Interview with Anna Franceschini and Stephanie von Gelmini on MECHANICALLY YOURS, solo show by Anna Franceschini at Kunstverein für die Rheinlande und Westfalen, curated by Stephanie von Gelmini (on view until 19th April 2015)
MECHANICALLY YOURS is the first extensive exhibition in the German-speaking countries by the Italian artist and filmmaker Anna Franceschini. The exhibition space is turned into a stage for moving images. Just as actors have their roles in a play, the individual works here also have their entrances and exists. Presented in differing projection situations, the films, short and long loops as well as filmic triptychs that are linked cyclically stand in a spatial and temporal relationship to each other. The sequence of the pieces is consequently structured in an infinite filmic loop and accordingly functions as a connective stylistic means. The arrangement of the individual works follows a complex score that is targeted at their atmospheric interaction on the one hand as well as to enable the viewer to focus on each of them individually on the other. In the process, motion and immobility, sound and silence, the mysterious and the banal in Franceschini’s pictorial world are interwoven.
ATP: Let’s start from how you organized the exhibition space that hosts your artworks in the exhibition “Mechanically Yours” at Dusseldorf Kunstverein. How did you imagined it?
Anna Franceschini: The space of the Kunstverein is a single room that develops in depths (it could be compared to a oversized corridor); I thought it would have been a challenge to have all the videos, films and installations, with or without sound, put together in a continuum and make them work as parts of a composition, extending the idea of ‘montage’ from a individual film or video piece to a physical space.
Stephanie von Gelmini: In the composition of the score we focus on the one hand, the rhythm and the setting of different visual and acoustic emphases, on the other we work out contents connections between the single works. In Anna’s works we find frequent references to the origins of cinema, to the cinema of attractions, as well as reflections on the medium itself. So for example we create a relation between A SIBERIAN GIRL and IT‘S ABOUT LIGHT AND DEATH (TO JOSEPH PLATEAU).
A SIBERIAN GIRL (2012) is a reference to the narration of Bèla Belázs, in which he describes the experience of a Siberian girl, who attends for the first time a cinematographic projection. Arriving from a desolate land, unknowing about the new technological achievements who invigorate the metropolises at the beginning of the century, she describes this vision disgusted as a cruel fragmentation of the figures. Therewith she refers to the shots, who show details of the human body. We also recover those close-ups in Anna’s representation of the figurine from the museum Ca´da Noal at Treviso. Thereby she is interested in the cinematographic aspect, in the steadily link to the oscillation between reality and fiction.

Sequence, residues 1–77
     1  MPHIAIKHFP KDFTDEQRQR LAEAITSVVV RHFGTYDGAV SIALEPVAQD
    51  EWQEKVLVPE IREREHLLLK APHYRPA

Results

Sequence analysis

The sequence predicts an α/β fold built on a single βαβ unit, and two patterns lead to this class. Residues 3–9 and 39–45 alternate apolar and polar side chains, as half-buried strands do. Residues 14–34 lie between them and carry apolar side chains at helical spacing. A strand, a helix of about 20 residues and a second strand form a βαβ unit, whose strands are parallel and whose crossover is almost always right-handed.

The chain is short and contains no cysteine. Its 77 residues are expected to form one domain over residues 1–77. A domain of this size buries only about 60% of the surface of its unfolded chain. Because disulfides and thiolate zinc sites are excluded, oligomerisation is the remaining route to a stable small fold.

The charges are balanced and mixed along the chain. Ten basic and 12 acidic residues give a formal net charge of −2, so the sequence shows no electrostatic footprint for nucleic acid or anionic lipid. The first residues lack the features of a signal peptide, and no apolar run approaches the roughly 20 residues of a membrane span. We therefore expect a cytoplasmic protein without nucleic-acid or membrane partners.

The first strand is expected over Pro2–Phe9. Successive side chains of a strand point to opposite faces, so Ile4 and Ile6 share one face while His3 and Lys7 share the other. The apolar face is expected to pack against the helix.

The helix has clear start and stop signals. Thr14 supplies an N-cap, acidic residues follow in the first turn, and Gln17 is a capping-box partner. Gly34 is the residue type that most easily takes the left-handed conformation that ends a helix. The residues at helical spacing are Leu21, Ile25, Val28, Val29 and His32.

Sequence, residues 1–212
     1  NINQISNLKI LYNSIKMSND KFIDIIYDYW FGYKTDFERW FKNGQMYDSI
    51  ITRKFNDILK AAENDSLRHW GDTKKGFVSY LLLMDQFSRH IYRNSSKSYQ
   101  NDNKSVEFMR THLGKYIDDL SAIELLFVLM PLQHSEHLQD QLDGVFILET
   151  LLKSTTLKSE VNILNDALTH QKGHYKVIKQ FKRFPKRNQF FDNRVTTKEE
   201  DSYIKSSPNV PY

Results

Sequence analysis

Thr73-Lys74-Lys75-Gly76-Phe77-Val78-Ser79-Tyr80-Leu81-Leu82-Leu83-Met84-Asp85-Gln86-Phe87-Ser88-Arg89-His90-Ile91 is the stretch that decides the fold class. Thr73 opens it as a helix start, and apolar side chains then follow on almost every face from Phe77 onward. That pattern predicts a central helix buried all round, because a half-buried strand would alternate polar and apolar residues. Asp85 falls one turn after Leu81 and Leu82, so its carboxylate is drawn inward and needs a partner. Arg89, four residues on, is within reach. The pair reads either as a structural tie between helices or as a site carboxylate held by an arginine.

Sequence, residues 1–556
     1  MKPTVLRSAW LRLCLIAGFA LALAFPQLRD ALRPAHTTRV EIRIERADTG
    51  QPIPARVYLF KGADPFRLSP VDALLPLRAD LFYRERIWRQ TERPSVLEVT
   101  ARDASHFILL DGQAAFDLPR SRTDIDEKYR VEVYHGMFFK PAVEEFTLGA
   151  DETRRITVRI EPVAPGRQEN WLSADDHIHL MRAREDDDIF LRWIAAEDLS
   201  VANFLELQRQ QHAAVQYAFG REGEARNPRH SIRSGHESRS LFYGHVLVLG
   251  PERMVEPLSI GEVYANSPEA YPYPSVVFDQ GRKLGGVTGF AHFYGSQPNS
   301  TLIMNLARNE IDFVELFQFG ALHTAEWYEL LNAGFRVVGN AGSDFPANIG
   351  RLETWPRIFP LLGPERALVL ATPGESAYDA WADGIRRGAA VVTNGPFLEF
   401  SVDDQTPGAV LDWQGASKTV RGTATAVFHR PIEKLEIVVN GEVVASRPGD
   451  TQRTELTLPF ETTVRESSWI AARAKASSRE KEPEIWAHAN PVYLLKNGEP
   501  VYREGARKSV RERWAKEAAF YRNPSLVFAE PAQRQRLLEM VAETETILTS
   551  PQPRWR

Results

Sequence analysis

IT‘S ABOUT LIGHT AND DEATH (TO JOSEPH PLATEAU) (2011) is a homage to the Belgian physicist Joseph Plateau, who as one of the first to harness the stroboscopic effect for the illusion of motion sequences, an important step for the development of cinema. One of the precursors of cinematography, the phenakistoscope, a simple optic device, which mechanically generates animated pictures, makes use of exactly this stroboscopic effect. It was utilized in amusement parks before its entry in many households as a toy for children. Different kind of drawings were animated, illustrations of animals included, to generate wonder and astonishment among the audience. In a taxidermy workshop Anna shot stuffed animals with the help of the stroboscopic effect, in doing so reanimating them and investigating thereby the border among life and death and the perception of these objects as a remnant of a living being, which now stands for a eternal representation of life. Thereby she refers to the functionality of the cinema, which have done exactly this since its beginning, stringing together inanimate images to create the illusion of a perpetual, infinite movement. So we created through the positioning and the sequence of the works many small links and cross references, which draw through as a red thread the whole score. A particular role in the show takes up the work UNTITLED (2012). It is the only work which is continuously shown during a whole run of a exhibition-loop. You can describe these figurine revolving around itself as the fixpoint of the exhibition. In its infinite circumduction it not only mirrors the overall plan of the show, but rather alludes through the course of the cutscene at the thereby arising movement of the visitor.
ATP: Together with the curator you gave different “roles” to the artworks, as if they were characters in a theatrical piece. What are the links between the projections?
AF: The nexus among the different projections are of different nature. As my work is most of the time ‘non narrative’ we thought that the best would have been to not stress on a dramatic structure of the space, but focus on rhythm and weight of the installations. We conceived a choreography that literally used the pieces as dancers that guide the audience along the entirety of the space focusing on one ‘act’ after the other, with some overlap that function as distraction at the periphery of the visual field. I worked on a timeline that included eight different layers (number of projections + monitors) to visualize both spatial and temporal qualities of the show. At the end we had a rendering with a ‘duration’ and I knew in advance that my show would have lasted 40 minutes.